Cancer screening in general has come under concerted attack. Until there is greater progress in treating late stage and metastatic cancers of any type and in making the highly-touted biomarkers tests more accurate, screening is only way to find cancer at an early, curable stage.
Chronic pain is hard to explain and even harder for people to understand. They assume your new medicine will make you better. They assume you'll be fine once the medicine kicks in. But the reality is that most of my moments, even the most joyous ones, are quietly humming with pain.
In their Intellectual property case, the pharmaceutical company Novartis was asking to block a generic form of their cancer drug Gleevec from being created and sold by India. As a writer and also a person living with chronic myelogenous leukemia, I understand both sides of the battle.
I take my role as a Colondar model very seriously. When a patient first gets diagnosed with colon cancer, or any cancer, and sees that there a dozen people this year, and dozens more previously, who have not only survived, but thrived, it makes them feel that they can be one as well.
But what if you want to incentivize investment in bold new drugs instead of me-too drugs? What if you want to encourage research into new areas that tangibly improve people's health? Then maybe, like India, you would only grant patents when that higher standard is met.
Did Time promise M.D. Anderson favorable coverage in return for buying the ad? Both Time and M.D. Anderson told me that did not happen. But there are reasons to be suspicious.
It's always a little awkward to do self-promotion. Afterwards, I started thinking about the non-profit world, especially the world of colon cancer, and I realized that it's okay, in fact, necessary, to do self-promotion. Otherwise, you can't make a difference, and you can't get sponsors.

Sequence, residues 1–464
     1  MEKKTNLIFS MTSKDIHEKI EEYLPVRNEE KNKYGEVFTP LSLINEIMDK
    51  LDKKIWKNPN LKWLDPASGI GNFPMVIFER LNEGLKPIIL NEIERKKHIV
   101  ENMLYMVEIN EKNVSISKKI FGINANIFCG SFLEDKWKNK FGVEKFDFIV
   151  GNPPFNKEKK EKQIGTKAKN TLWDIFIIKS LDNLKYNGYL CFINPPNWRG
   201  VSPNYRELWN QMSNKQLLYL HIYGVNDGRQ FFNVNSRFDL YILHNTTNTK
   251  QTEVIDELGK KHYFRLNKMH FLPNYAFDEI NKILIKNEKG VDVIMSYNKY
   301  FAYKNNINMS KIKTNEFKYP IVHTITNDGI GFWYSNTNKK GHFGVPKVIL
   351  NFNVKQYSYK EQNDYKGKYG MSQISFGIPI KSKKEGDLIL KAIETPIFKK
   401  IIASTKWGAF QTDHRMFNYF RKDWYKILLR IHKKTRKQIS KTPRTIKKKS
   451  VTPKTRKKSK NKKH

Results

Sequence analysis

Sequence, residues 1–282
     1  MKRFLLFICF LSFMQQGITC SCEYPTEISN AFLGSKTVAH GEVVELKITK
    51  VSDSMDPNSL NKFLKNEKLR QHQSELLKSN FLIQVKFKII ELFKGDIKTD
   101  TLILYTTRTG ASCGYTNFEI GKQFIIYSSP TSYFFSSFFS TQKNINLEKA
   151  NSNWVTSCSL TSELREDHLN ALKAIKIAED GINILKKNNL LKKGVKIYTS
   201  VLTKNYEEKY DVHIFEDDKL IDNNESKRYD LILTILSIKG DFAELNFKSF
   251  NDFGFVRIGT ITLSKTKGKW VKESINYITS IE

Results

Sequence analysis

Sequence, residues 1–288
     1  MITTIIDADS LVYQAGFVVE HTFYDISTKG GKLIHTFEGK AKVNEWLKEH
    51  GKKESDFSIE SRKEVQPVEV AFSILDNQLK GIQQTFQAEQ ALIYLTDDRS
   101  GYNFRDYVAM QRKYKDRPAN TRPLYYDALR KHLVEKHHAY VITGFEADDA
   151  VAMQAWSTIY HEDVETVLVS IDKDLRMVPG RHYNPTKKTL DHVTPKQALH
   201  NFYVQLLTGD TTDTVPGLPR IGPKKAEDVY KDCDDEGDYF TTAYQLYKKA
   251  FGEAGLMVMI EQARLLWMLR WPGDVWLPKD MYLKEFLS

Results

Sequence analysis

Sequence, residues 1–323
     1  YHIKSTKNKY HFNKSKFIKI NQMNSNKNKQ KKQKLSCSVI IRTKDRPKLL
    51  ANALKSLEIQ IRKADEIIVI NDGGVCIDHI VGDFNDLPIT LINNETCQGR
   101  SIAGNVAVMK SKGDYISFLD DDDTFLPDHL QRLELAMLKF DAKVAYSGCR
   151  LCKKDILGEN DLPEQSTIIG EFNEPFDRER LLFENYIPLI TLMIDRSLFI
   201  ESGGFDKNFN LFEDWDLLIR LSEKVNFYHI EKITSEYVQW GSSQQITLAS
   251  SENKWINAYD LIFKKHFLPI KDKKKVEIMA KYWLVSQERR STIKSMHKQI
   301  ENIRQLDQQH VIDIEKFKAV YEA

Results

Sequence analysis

I hate that instead of palming my belly to feel movement of a life, I fingertip-explore my body for lumps of danger. I hate that it will always be possible that there is something wrong, and it will never be that kind of right again.
A week after returning from a snowboarding trip, Emmy-award-winning talk show host Montel William recalls how, 15 years ago, a doctor not only diagnosed Williams with multiple sclerosis (MS) but also advised Williams that he would be confined to a wheelchair within four years.
Clients with whom I've worked suffering from chronic pain symptoms often articulate to me that the most frustrating aspect of living with chronic pain is the unpredictability of the symptoms themselves.
Take good care of yourself, and you will be taking good care of your GI tract. Take good care of your GI tract, and it will very probably take good care of you. But it is working hard every day, and may well suffer effects of wear and tear as a result, much like your skin.
My father is now a long-term survivor who has completely defied the conventional wisdom about his disease. He has survived for seven years: seven years living with a disease whose five-year survival rate for the most favorable patient class is a dismal 14 percent.
Like I said, life is a conversation. I'm good at helping the non-colon cancer world talk about it. What do you wanna talk about?
Parenting is hard. Parenting a toddler is especially hard. Parenting a toddler while going through six months of chemotherapy is indescribable.
There are now numerous medical studies indicating that a low glycemic index diet has a positive effect on not only improving insulin resistance, but also managing Type 2 diabetes, retinopathy, cardiovascular disease, and acne vulgaris.
I disagree with those who say, "Everything in moderation." Would you want your child taking heroin in moderation -- or your spouse having affairs in moderation? If you want to protect your brain, you need to get off the sugar.